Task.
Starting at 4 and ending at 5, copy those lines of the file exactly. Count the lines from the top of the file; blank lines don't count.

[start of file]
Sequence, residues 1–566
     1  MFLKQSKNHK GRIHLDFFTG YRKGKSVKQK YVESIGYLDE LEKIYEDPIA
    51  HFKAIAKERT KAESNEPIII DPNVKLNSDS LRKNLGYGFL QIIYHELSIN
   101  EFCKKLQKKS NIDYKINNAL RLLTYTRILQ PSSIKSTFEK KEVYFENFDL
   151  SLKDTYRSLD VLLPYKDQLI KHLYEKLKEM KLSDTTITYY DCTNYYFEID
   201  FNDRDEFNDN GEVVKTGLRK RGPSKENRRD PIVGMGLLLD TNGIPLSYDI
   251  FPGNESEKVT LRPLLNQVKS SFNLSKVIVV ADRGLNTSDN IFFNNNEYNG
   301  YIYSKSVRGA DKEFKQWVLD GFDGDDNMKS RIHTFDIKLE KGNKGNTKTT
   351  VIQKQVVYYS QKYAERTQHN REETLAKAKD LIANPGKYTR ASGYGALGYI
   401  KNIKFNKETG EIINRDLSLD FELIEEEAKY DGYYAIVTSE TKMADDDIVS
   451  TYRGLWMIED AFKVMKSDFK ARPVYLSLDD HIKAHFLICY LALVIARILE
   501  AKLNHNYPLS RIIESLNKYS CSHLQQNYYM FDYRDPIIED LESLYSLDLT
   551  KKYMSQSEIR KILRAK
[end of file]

   101  EFCKKLQKKS NIDYKINNAL RLLTYTRILQ PSSIKSTFEK KEVYFENFDL
   151  SLKDTYRSLD VLLPYKDQLI KHLYEKLKEM KLSDTTITYY DCTNYYFEID